Pochard Aythea farina (4/14)
Ferruginous Duck Aythya nyroca (2/14) Singles at Lake Durankulak on 10th and Sabla Lake on 12th.
Tufted Duck Aythya fuligula (1/14)
Honey Buzzard Pernis apivorus (5/14) Not as numerous as we’d hoped in view of our earlier dates. One at Poda on 5th; 11 between Pomorie and Varna on 8th. One at Bolata Gorge on 8th. Other sightings involved birds near Atanasovsko Lake (see table below).
Black Kite Milvus migrans (2/14) Three between Pomorie and Varna on 8th. Three at Cape Kaliakra on 9th.
White-tailed Eagle Haliaetus albicilla (1/14) Super views of one, perhaps two, adults, at Burgas Lake on 6th.
Short-toed Eagle Circaetus gallicus (6/14) Three in the Bolata Gorge on 8th and one between Varna and Pomorie on 14th. Other sightings involved birds near Atanasovsko Lake (see table below).
Marsh Harrier Circus aeruginosus (13/14) Widespread and common.
Hen Harrier Circus cyaneus (1/14) A male near Atanasovsko Lake on 15th.
Pallid Harrier Circus (2/14) A male at the Bolata Gorge on 8th; a juvenile near Atanasovsko Lake on 15th.
Montagu’s Harrier Circus pygargus (1/14) Two juveniles between Pomorie and Varna on 8th.
Goshawk Accipiter gentiles (1/14) One near Atanasovsko Lake on 15th.
Sparrowhawk Accipiter nisus (6/14)
Levant Sparrowhawk Accipiter brevipes (6/14) A juvenile sitting in a bush at Sablenska Tuzla on 11th; one in the Bolata Gorge on 11th and a juvenile in a ploughed field near Atanasovsko Lake on 15th. Other sightings involved birds near Atanasovsko Lake (see table below).
Common Buzzard Buteo buteo (11/14) Far fewer on passage than last year though still included a good percentage of Steppe Buzzards.
Long-legged Buzzard Buteo rufinus (5/14) Fairly widespread in small numbers.
Lesser Spotted Eagle Aquila pomarina (5/14) All our sightings involved birds near Atanasovsko Lake (see table below).
Booted Eagle Hieraaetus pennatus (5/14) All our sightings involved birds near Atanasovsko Lake (see table below).
Osprey Pandion haliaetus (4/14) Frequent sightings at a number of sites.
Kestrel Falco tinnunculus (13/14)
Red-footed Falcon Falco vespertinus (6/14) One near Atanasovsko Lake on 5th; four or five hunting in a field between Kavarna and Durankulak on 13th; one near Balgarevo on 13th. Other sightings involved birds near Atanasovsko Lake (see table below).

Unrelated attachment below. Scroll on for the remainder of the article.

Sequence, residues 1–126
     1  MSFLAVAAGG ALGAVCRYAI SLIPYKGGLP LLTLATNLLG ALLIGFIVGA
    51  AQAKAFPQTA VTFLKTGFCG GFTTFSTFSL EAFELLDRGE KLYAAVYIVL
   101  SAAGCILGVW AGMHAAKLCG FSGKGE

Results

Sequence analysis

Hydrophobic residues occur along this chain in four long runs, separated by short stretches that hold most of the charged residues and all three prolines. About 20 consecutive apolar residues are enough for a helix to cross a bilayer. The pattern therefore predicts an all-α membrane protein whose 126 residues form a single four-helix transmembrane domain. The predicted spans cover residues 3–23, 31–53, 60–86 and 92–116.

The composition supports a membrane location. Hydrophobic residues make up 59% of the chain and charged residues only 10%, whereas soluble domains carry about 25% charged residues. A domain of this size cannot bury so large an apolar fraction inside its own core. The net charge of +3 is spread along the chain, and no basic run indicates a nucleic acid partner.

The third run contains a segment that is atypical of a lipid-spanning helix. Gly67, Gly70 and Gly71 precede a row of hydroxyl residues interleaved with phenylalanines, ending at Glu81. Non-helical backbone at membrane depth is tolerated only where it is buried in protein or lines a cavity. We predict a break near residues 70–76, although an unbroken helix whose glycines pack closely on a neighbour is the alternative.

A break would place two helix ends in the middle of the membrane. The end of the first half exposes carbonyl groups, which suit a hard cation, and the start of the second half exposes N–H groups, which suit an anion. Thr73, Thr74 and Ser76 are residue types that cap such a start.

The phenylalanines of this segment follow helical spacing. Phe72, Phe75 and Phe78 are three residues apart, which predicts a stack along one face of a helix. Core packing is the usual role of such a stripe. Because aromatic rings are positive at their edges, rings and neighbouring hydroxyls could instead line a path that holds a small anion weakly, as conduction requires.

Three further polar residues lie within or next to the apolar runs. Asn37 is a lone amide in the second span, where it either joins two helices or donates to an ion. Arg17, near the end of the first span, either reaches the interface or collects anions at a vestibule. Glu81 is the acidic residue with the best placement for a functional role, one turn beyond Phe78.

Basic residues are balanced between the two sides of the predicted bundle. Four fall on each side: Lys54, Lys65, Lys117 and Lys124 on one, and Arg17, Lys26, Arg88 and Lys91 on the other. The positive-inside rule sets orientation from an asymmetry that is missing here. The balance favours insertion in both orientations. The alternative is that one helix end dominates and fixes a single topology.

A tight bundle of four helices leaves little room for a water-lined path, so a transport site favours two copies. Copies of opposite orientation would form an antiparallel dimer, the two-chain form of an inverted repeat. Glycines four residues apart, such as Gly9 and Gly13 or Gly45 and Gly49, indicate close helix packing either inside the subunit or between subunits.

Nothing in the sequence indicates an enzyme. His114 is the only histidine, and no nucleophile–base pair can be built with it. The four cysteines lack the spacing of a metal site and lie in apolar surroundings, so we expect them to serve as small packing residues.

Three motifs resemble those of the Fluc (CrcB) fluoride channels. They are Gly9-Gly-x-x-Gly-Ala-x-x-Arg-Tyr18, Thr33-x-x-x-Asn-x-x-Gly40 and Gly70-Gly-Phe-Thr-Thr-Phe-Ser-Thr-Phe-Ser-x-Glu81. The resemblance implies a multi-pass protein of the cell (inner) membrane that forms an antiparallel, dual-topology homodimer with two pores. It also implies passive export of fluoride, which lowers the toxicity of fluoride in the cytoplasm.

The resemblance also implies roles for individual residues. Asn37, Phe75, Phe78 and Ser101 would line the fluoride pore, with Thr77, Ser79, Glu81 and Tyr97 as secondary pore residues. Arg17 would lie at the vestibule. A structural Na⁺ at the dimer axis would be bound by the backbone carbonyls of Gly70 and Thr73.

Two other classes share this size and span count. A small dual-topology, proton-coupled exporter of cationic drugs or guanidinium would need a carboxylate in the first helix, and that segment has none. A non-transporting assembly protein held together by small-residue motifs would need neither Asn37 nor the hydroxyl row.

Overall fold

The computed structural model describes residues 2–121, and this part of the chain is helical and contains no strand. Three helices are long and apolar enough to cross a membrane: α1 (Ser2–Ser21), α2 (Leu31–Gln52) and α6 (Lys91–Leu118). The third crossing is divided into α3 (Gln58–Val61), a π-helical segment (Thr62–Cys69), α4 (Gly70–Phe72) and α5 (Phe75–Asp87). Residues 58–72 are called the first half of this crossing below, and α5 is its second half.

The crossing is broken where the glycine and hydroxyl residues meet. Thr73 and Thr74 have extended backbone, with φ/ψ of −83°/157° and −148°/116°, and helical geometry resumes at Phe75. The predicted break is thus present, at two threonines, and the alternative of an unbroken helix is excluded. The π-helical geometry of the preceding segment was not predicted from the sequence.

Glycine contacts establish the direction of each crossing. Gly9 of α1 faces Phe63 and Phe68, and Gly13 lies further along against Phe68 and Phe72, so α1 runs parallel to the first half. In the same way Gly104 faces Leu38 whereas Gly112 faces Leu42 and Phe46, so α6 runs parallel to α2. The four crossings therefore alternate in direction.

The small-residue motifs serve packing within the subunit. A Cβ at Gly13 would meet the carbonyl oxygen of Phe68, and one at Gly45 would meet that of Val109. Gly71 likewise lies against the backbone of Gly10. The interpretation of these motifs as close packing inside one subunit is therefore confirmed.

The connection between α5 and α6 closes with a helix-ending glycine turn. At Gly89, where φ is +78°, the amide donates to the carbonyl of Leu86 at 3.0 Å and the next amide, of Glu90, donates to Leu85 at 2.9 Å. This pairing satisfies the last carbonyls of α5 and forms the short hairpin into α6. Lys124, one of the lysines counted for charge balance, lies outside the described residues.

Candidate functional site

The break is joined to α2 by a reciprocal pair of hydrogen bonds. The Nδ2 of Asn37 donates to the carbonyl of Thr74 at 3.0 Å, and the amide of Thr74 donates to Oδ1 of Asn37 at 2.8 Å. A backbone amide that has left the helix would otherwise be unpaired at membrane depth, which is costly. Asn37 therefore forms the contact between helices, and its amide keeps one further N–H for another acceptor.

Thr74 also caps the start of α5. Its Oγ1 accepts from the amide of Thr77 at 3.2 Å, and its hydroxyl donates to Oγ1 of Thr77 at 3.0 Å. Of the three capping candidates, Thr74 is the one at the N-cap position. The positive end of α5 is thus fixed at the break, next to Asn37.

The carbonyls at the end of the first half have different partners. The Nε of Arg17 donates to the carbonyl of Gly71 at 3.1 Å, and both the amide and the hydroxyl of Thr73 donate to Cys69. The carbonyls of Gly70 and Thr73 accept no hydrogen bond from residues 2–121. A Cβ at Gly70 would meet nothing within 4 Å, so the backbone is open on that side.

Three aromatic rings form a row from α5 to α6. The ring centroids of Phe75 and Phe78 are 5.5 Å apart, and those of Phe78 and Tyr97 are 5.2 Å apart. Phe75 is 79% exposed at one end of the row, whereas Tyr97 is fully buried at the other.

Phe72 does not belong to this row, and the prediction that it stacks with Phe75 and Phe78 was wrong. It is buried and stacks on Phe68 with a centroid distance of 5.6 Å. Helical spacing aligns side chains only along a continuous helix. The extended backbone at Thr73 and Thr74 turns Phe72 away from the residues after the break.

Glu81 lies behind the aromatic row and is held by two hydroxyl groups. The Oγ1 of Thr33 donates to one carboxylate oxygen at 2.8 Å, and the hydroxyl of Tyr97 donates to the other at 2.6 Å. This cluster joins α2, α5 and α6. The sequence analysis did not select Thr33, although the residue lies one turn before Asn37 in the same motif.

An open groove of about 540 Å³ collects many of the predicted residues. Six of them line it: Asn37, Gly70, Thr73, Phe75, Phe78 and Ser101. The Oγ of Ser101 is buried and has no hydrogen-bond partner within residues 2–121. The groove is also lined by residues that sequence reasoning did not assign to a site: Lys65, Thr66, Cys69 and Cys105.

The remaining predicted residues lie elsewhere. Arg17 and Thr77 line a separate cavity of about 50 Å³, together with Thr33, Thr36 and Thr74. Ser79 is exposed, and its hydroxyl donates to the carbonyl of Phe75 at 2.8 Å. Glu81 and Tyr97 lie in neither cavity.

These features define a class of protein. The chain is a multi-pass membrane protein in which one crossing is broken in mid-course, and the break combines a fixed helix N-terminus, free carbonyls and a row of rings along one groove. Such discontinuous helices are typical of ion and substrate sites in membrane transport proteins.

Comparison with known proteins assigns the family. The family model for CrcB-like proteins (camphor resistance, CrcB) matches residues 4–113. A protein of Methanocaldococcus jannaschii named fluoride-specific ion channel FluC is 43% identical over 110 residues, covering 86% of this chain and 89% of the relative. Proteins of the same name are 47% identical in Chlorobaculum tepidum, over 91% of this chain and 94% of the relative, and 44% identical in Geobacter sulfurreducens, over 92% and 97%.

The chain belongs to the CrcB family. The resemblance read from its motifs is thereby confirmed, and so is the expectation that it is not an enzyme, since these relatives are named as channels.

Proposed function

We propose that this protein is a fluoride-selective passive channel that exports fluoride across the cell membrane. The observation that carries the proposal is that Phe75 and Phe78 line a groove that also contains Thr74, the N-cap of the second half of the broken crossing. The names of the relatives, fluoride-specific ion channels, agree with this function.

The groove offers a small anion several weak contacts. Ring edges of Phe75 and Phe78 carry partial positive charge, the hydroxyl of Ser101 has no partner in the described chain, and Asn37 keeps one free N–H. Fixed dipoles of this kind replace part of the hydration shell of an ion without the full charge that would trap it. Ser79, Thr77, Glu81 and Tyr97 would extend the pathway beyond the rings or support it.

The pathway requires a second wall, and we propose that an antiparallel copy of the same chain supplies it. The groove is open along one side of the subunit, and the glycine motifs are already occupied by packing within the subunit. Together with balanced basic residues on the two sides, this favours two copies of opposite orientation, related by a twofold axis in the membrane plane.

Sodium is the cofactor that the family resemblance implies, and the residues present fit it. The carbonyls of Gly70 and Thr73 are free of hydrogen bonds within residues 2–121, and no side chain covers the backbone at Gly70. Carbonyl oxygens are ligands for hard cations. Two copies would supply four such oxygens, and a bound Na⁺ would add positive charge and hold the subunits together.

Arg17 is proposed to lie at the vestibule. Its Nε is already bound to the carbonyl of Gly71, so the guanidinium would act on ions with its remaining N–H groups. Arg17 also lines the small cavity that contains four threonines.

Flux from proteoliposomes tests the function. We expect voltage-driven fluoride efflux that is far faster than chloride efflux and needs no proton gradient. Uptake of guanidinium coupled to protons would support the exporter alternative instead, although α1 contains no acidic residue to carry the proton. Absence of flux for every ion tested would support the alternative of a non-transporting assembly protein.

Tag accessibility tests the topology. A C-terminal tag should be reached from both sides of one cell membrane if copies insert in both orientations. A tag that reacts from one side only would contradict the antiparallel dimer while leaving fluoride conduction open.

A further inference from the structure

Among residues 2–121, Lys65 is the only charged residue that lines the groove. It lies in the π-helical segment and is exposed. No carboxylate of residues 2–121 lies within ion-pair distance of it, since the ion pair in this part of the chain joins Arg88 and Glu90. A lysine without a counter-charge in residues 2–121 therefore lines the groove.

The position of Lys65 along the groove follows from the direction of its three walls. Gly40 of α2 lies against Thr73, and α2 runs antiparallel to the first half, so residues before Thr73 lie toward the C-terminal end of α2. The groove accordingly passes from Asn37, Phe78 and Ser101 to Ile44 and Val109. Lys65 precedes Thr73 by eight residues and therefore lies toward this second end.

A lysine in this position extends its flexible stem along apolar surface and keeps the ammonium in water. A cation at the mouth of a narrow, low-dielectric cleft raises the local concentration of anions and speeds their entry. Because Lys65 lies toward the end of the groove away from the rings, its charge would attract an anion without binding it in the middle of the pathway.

Hobby Falco subbuteo (6/14) Widespread with frequent sightings.
Eleanora’s Falcon Falco eleonorae (1/14) A pale morph passed us at close range near Atanasovsko Lake on 17th.
Quail Coturnix coturnix (3/14) Six individuals flushed at Cape Kaliakra on 9th; one heard calling as we left the Bolata Gorge after dark on 11th and one flushed near Atanasovsko Lake on 14th.
Pheasant Phasianus colchacus (3/14)
Water Rail Rallus aquaticus (6/14) Heard at several wetland sites.
Corncrake Crex crex (1/14) One flushed at Cape Kaliakra and one found dead on road there on 12th.
Moorhen Gallinula chloropus (2/14)
Coot Fulica atra (7/14)
Oystercatcher Haematopus ostralegus (7/14) Just a handful seen.
Black-winged Stilt Himantopus himantopus (6/14) Fairly widespread though in quite small numbers.
Avocet Recurvirostra avosetta (7/14) Largest numbers were to be found at Atanasovsko Lake.
Stone Curlew Burhinus oedicnemus (1/14) At least five near Balgarevo at dusk on 13th.
Collared Pratincole Glareola pratincola (1/14) A single juvenile at Sablenska Tuzla on 11th.
Little Ringed Plover Charadrius dubius (8/14) Present in small numbers at several sites.
Ringed Plover Charadrius hiaticula (9/14)
Kentish Plover Charadrius alexandrinus (6/14) Present in small numbers at several sites.
Golden Plover Pluvialis apricaria (1/14) A flock of 10 near Balgarevo at dusk on 13th.
Grey Plover Pluvialis squatarola (6/14)
Lapwing Vanellus vanellus (2/14)
Knot Calidris canutus (1/14)
Sanderling Calidris alba (1/14)
Little Stint Calidris minuta (7/14) Seen at Atanasovsko Lake, Poda, Pomorie Saltpans, Pomorie Marsh and Sablenska Tuzla.
Temminck’s Stint Calidris temminckii (5/14) Two at Sablenska Tuzla on 10th then, at Pomorie Saltpans, two on 15th, three on 16th and one on 17th.
Curlew Sandpiper Calidris ferruginea (7/14) Up to 30 at Pomorie Saltpans with smaller numbers elsewhere.
Dunlin Calidris alpina (9/14)
Broad-billed Sandpiper Limicola falcinellus (5/14) One at Poda on 5th; one at Pomorie Saltpans on 6th then seen on every visit to Sablenska Tuzla, with counts of nine on 10th, six on 11th and five on 12th.
Ruff Philomachus pugnax (6/14) Seen at Atanasovsko Lake, Poda, Pomorie Saltpans, Pomorie Marsh and Sablenska Tuzla.
Snipe Gallinago gallinago (3/14)
Black-tailed Godwit Limosa limosa (3/14) Present in small numbers at several sites.
Whimbrel Numenius phaeopus (4/14) Up to three at Pomorie Saltpans.
Curlew Numenius arquata (4/14)
Spotted Redshank Tringa erythopus (3/14) Best count was of 10 at Atanasovsko Lake.
Redshank Tringa tetanus (8/14)
Marsh Sandpiper Tringa stagnatilis (9/14) 100 at Atanasovsko Lake on 5th; one at Pomorie Marsh on 7th; up to six at Sablenska Tuzla from 10th to 12th; 10 at Atanasovsko Lake on 15th; one at Pomorie Saltpans on 16th and 17th; six at Atanasovsko Lake on 18th.
Greenshank Tringa nebularia (7/14) Present in small numbers at several sites.
Green Sandpiper Tringa ochropus (1/14)
Wood Sandpiper Tringa glareola (9/14) Seen at Atanasovsko Lake, Poda, Pomorie Saltpans, Pomorie Marsh and Sablenska Tuzla.
Terek Sandpiper Xenus cinereus (1/14) One at Pomorie Saltpans on 6th.
Common Sandpiper Actitis hypoleucos (1/14)
Turnstone Arenaria interpres (4/14)
Red-necked Phalarope Phalaropus lobatus (1/14) One at Sablenska Tuzla on 12th.
Mediterranean Gull Larus melanocephalus (12/14) Seen at most wetland sites and at times in fields with the largest numbers at Pomorie Saltpans.
Little Gull Larus minutus (12/14) Widespread. Sightings included up to 1000 at Pomorie Saltpans
Black-headed Gull Larus ridibundus (13/14)
Slender-billed Gull Larus genei (8/14) Up to c20 at Pomorie Saltpans and smaller numbers at Atanasovsko Lake and Sablenska Tuzla.
Yellow-legged Gull Larus michahellis (14/14)
Caspian Gull Larus cachinnans (5/14) Four (two adults and two juvs) at Pomorie Saltpans on 6th; single adults at Sablenska Tuzla on 10th and 12th. No doubt we overlooked others.
Gull-billed Tern Sterna nilotica (2/14) One at Burgas Lake on 6th and three at Lake Durankulak on 10th.